Royo’s role in Calloused Hands ensures his bubble is far from bursting…

kunga-andre_royoThe actor Andre Royo was in town for the promotion of the first U.K screening of ‘Calloused Hands’ (Dir Jesse Quinones) and I was curious to meet the man who played ‘Bubbles’ in the highly viewed and controversial American TV show The Wire.

The series ran for 5 years and Royo’s character was in 49 of the 60 episodes. Royo remembers he had slight misgivings at taking on the role as friends were saying the role of a drug addict could seriously harm his career.  He mentions having watched Samuel Jackson as ‘Gator’  in Jungle Fever (1991) and Chris Rock’s ‘Pookie’ in New Jack City (1991), feeling that these performances could not be bettered. He spoke to Samuel L. Jackson, someone he considers a friend and mentor, who told him in no uncertain terms that he would be stupid not to take the role and that he was now, “On the road!”

Royo spent time speaking with people with drug and alcohol issues and his multi-prismatic character allowed the viewer to gain an insight into the guilt, shame and the humorously flawed entrepreneurial attempts of Bubbles whilst simultaneously providing a social commentary on the desperate conditions of the inhabitants of America’s Baltimore. Royo describes his conflict with the role, remembering a scene where McNulty (Dominic West) gives Bubbles a few dollars and says dismissively, “Here! Now go get high.”

Scene’s such as that graphically illustrated the lives of the underclass in Baltimore, which formed much of the narrative for one of the most critically acclaimed series in HBO’s history, with many critics believing the series exemplified the class divide within the poor communities in the U.S. and contextualised issues which continue today. The Telegraph citing The Wire as one of the best TV programmes ever made (April 2009). Bubbles’ broken condition replicated the broken society in which he was living and Royo’s character, like it or not, has become a part of the televisual legacy of the likeable but ‘damaged’ black male character.

Now sitting at the Ritzy in Brixton, I am looking at a smartly dressed and clean-cut Andre Royo he is the antithesis of his former on-screen character. This naturally humorous and accommodating New Yorker seems to be a man enjoying his craft.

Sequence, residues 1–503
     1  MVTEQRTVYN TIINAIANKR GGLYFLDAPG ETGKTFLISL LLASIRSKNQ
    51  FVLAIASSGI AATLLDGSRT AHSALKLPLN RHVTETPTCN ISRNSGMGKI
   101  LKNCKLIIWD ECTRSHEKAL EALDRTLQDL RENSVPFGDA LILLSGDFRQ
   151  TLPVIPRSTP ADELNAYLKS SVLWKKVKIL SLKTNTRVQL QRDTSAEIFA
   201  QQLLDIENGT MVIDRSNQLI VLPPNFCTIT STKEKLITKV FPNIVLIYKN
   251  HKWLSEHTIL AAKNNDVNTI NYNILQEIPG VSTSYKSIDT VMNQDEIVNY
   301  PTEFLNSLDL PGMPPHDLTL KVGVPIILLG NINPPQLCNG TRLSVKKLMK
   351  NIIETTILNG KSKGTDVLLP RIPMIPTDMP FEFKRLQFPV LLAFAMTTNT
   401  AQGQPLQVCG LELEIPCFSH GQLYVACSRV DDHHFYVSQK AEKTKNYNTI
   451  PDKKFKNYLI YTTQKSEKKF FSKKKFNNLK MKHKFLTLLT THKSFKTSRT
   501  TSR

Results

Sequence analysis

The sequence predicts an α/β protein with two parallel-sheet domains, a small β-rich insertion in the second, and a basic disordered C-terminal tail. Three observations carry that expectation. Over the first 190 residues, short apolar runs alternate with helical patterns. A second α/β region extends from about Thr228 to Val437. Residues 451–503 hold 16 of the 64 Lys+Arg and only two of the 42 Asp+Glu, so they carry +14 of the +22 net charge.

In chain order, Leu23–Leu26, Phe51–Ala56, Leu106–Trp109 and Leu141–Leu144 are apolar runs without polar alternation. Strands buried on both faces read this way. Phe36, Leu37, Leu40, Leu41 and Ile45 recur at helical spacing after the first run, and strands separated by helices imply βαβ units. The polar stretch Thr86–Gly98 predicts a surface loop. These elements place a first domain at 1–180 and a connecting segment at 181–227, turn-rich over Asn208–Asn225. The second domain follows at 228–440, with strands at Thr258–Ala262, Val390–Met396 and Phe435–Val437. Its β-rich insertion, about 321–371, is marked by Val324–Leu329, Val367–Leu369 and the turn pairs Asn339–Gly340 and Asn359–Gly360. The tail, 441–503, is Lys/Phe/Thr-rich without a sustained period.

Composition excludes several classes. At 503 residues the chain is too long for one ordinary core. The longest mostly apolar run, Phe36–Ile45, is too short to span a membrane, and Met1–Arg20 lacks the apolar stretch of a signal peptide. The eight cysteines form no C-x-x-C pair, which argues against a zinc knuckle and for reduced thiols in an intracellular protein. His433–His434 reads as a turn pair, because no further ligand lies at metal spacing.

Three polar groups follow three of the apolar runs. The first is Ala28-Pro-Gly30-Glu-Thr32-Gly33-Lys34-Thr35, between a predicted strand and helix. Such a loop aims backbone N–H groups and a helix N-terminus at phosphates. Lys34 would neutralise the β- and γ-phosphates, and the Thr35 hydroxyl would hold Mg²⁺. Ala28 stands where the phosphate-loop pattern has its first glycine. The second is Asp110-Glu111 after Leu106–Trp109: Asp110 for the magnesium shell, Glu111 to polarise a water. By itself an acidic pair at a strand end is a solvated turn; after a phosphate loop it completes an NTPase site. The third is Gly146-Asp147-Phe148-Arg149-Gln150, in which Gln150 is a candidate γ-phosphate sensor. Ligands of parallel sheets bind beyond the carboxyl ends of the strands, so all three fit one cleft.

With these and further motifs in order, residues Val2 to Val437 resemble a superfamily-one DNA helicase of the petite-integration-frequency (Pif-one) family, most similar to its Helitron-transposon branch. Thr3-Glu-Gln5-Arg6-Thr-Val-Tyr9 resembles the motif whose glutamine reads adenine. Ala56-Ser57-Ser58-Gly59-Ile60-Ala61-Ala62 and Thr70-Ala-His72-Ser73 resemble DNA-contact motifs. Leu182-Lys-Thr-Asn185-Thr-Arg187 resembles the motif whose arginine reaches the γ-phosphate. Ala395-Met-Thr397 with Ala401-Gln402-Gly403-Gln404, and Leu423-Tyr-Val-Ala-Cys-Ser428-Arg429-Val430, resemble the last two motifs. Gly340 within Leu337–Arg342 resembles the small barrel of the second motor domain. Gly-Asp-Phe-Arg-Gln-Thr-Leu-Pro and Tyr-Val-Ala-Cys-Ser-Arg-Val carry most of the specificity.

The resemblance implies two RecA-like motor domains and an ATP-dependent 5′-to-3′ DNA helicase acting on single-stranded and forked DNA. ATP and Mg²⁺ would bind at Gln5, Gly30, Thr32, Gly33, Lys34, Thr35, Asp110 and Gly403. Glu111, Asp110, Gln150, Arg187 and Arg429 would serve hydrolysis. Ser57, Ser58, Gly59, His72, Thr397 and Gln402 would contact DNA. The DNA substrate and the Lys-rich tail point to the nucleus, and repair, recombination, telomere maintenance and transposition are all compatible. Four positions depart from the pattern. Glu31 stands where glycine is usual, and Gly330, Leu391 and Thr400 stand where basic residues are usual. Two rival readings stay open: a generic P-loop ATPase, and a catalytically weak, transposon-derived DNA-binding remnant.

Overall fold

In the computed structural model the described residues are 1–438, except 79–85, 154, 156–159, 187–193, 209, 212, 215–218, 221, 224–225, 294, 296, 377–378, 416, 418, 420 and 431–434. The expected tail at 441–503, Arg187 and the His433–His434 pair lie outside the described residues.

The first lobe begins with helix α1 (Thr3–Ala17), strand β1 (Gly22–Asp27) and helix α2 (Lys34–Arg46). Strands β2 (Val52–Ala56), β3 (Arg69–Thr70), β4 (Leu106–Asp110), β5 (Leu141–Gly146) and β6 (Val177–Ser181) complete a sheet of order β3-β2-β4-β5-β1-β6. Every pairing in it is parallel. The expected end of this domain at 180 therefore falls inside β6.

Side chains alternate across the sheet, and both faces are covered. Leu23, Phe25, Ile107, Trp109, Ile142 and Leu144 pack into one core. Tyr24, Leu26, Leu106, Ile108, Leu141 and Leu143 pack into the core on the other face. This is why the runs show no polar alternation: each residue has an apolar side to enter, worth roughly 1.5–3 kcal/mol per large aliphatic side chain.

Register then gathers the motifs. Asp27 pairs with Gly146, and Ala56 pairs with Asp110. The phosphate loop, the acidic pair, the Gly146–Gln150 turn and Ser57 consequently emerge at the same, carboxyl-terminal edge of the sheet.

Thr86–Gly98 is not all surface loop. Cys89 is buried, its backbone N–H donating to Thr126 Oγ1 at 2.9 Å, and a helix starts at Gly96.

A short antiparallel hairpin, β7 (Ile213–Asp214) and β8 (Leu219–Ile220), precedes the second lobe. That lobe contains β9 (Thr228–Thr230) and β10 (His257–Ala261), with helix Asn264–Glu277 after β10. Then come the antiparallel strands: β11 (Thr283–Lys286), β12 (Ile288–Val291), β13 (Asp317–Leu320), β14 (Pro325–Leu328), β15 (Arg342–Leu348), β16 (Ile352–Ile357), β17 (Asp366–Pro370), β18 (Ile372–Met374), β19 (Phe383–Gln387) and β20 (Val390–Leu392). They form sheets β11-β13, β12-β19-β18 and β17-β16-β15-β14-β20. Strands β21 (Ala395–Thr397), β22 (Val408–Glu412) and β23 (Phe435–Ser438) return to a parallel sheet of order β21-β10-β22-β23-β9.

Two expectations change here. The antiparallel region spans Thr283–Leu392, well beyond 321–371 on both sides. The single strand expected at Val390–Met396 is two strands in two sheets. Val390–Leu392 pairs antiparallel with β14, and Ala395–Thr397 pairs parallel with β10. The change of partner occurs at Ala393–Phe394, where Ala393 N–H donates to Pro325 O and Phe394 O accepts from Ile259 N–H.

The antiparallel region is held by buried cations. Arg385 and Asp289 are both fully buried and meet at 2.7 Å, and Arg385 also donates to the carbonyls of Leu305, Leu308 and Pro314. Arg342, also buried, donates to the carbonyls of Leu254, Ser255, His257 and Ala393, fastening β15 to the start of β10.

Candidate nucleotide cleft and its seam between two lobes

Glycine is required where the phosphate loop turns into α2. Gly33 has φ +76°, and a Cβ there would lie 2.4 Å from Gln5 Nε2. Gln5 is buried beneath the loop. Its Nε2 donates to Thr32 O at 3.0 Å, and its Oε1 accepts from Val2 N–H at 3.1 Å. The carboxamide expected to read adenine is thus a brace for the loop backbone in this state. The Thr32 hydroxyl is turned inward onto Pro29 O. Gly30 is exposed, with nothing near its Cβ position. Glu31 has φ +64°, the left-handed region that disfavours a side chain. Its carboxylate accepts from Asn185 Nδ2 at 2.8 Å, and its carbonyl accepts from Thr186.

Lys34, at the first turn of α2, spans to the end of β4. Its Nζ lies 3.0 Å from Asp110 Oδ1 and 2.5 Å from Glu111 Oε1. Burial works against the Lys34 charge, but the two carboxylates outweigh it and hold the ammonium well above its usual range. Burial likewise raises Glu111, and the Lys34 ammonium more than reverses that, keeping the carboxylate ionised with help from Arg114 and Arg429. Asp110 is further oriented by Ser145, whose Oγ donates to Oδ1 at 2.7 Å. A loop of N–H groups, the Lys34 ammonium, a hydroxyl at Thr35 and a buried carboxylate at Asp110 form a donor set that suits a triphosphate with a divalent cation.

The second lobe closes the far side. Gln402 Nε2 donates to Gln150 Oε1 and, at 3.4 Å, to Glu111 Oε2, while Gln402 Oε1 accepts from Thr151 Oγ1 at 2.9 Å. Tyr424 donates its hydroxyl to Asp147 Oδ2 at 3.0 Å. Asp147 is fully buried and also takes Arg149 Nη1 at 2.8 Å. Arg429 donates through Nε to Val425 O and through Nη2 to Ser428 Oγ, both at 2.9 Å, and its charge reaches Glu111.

callousedReading his Twitter feed he sounded genuinely excited about coming to London for the launch of his first lead role in ‘Calloused Hands’ a biopic feature, written and directed by American and now U.K. resident Jesse Quinones.

The film is based largely on the tumultuous life of Quinones as a young 12-year old boy growing up with two adults struggling to hold their lives together in a haze of intoxicants. Royo is, as well as playing lead, credited as co-producer and as he describes the process his pride is obvious knowing the lead actor role is something that does not come along often.

It seems strange however that an actor whose role was integral to The Wire’s success has not been given higher profile roles in the States. He has featured in ‘Criminal Minds’ (CBS) and ‘Prime Suspect’ (NBC) playing the overly- familiar role of alcoholic and drug addict and in Prime Suspect he played a murderer. His roles in George Lucas’ feature ‘Red Tails’ (2012) and TV series ‘Fringe’ (Fox) have kept him amongst the more recognisable faces from that seminal series.

Speaking of familiar faces from the series and sitting in London we have to mention Idris Elba.  Royo smiles a genuine smile, “Idris can play anything now!”  He continues, “if you play a ‘leader’ in Hollywood, then race plays a lesser role in future casting. Hollywood then sees you as a leader.” Describing how Idris’  role in The Wire has enabled Idris to be viewed as a serious contender and a global star, Royo remembers how the confidence of Idris and the rest of the relatively inexperienced cast grew as the series slowly became a massive hit. There is still a notion, however, that certain people will get certain roles.

The actor of mixed heritage describes how producers have turned him down because he was not considered “black enough”, and despite his Cuban roots he has also been overlooked for not looking Latino enough and has even been described as too Ethiopian looking!

At the recent British Urban Film Festival screening of Calloused Hands at the Odeon Leicester Square the packed theatre would agree buffscreening-callousedhandsthat despite what short-sighted producers in Hollywood might say, Andre Royo is certainly talented enough. The actor gives a well-layered performance as ‘Byrd’, a man troubled by his past and struggling with his present.

Whilst Royo treads familiar territory as yet ‘another’ black man with a destructive drug and alcohol problem, we get to see more of the layers of his acting armoury. The much credited actor Hans Howes (There Will Be Blood, Sea Biscuit, Criminal Minds) who plays the grandfather of the 12 year old mixed-race boy at the centre of the film, describes Royo’s ability to ‘destroy’ and at the same time draw you in to sympathise with his on-screen persona as a true gift which very few actors possess.

Quinones gives us a brief insight into the trauma he suffered at a young age and has put together a very watchable film whilst dealing with the uncomfortable subject of child and spousal abuse. Calloused Hands allows the audience to see how children are often placed in the middle of society’s failings and Royo and his fellow cast skilfully take us on a ride of tragedy, true- love and resilience and if you get the chance to see the film, take a seat and hold on tight.